Say cheese, and take a big byte!

Dennis Faas's picture

Smile! Say Cheese!

[ My Mug Shot ]

The camera captures the moment, but if it is a digital image it can just as quickly be lost, deleted, compressed and corrupted. Many snap shooters are longing for a return to film, when you could see and touch a negative.

My name is Jim Domke, and I've been taking photos for over 30 years. I have no longing to return to film and have discoverd that digital is a lot more fun! I started out shooting black and white for the school yearbook. It was fun, because I could be creative both in the taking and the printing.

I've gone on to be a staff photographer at the San Francisco Examiner, Philadelphia Inquirer and Fort Worth Star-Telegram. When the papers switched to color -- to please advertisers -- I was forced into shooting slides or sending out to a lab for prints, taking away from my creativity.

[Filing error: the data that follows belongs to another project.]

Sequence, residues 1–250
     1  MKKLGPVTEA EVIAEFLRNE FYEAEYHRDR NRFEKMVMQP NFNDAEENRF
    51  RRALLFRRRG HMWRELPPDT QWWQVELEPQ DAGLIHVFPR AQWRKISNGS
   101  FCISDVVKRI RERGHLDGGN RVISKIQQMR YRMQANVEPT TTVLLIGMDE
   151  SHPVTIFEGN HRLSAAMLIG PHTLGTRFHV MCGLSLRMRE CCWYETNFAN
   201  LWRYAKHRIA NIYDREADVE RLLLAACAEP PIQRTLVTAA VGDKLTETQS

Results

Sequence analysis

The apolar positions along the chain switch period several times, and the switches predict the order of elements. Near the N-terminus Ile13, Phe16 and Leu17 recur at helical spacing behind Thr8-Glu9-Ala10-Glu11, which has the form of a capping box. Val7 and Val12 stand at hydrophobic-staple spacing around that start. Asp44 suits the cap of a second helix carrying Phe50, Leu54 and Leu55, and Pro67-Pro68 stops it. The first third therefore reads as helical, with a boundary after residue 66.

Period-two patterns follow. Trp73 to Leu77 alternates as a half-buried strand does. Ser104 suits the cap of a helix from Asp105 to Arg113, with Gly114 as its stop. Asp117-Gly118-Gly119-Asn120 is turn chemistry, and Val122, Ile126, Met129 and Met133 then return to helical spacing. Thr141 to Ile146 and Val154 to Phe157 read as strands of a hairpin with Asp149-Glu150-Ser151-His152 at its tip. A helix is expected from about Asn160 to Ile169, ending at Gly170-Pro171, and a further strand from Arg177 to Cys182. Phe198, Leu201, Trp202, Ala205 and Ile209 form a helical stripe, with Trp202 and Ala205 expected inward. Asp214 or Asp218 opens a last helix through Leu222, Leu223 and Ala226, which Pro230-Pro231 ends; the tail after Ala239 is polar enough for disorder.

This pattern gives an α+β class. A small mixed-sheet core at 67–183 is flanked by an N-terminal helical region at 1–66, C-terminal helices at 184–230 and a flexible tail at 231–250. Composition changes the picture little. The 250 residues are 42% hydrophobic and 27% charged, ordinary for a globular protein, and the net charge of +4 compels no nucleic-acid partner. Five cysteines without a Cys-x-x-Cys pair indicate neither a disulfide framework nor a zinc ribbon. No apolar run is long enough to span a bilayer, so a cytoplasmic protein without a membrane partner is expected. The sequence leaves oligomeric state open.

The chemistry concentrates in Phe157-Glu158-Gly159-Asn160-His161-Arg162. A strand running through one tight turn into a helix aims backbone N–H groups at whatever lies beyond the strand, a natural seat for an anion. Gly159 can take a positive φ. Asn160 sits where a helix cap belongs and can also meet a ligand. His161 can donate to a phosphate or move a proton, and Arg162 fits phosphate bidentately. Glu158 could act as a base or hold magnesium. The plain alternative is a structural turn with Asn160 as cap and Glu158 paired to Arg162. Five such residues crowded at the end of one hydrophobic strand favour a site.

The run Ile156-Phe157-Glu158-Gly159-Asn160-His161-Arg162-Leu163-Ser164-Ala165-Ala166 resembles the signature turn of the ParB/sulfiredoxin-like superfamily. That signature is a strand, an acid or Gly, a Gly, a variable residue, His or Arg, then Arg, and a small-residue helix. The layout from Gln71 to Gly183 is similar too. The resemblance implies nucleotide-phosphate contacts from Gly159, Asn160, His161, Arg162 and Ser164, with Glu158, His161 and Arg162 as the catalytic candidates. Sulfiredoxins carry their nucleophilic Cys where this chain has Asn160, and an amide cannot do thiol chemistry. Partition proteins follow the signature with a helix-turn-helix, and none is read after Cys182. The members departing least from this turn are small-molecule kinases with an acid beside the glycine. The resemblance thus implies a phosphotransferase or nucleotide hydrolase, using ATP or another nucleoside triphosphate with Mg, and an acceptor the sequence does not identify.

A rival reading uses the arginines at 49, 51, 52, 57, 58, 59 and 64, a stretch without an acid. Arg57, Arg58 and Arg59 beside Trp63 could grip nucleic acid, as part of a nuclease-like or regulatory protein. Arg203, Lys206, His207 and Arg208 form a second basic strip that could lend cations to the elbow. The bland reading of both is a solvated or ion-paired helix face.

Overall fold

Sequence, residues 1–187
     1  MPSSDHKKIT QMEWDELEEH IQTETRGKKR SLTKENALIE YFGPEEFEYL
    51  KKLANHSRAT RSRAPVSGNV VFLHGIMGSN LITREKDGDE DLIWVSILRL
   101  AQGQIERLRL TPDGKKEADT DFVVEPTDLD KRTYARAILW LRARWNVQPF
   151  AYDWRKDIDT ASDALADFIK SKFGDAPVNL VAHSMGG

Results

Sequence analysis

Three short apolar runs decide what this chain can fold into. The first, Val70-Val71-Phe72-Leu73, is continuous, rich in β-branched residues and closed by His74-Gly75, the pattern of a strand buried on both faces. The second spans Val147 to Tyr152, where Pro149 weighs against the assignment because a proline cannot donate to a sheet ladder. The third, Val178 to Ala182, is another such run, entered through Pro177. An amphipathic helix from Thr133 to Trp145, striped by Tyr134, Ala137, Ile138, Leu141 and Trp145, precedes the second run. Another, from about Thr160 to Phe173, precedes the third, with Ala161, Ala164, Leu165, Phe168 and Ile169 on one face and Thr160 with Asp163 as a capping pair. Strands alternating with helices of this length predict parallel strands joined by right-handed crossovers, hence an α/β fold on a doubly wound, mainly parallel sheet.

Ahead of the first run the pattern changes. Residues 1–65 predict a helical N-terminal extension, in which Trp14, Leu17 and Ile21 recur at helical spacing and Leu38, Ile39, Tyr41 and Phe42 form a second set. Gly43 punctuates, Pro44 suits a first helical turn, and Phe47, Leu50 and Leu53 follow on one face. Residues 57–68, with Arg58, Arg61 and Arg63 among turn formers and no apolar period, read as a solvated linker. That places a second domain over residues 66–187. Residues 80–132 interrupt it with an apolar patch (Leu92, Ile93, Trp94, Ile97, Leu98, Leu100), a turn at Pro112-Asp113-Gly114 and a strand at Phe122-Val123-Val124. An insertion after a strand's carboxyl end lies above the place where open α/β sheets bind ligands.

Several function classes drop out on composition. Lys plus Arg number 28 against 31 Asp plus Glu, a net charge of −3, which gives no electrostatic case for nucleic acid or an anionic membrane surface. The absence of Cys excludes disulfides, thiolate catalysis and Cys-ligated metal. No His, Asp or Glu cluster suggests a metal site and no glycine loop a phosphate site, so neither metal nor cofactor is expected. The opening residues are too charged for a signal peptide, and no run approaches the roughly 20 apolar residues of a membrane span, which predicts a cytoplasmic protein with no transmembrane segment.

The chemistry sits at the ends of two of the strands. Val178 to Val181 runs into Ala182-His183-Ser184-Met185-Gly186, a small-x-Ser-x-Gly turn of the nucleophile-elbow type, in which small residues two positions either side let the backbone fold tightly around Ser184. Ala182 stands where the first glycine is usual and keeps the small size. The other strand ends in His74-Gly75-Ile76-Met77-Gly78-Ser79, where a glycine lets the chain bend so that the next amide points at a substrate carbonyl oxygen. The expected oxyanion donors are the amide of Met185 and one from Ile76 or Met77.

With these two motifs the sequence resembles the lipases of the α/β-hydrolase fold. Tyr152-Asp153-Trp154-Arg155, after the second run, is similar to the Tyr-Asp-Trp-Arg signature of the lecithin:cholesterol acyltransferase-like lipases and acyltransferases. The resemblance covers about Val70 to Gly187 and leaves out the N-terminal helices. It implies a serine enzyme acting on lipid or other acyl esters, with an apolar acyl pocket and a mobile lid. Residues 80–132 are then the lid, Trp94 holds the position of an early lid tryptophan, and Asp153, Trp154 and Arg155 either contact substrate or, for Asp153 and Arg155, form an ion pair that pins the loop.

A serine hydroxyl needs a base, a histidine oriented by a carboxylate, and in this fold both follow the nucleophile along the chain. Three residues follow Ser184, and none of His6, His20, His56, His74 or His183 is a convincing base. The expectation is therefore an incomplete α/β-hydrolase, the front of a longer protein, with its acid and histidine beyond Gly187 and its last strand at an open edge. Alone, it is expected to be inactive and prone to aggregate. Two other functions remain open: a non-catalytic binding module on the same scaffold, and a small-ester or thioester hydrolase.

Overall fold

And with digital, I'm back in the darkroom. Hopefully, my blog at encourages you, my fellow shooter, to be creative!

And that brings up my first pet peeve: Why do they give a choice of file sizes on the camera? Get the best image possible! Everyone should save the largest picture file size as possible, and then play around with all the information in the computer. You can always improve upon the composition by cropping in. It just doesn't make any sense to take pictures that are ONLY big enough to make a 5x7 print. I also suggest saving the image using the RAW image file setting. Some say that when photos are saved in Jpg format, 20% of the data is immediately lost. I'll discuss more about RAW image files in the future.

Why does the camera maker even give photographers these choices? Taking pictures records a moment in time and photographers need to capture everything!

Save all the pixels you can get . . . (more to come!)

jgd 11-11

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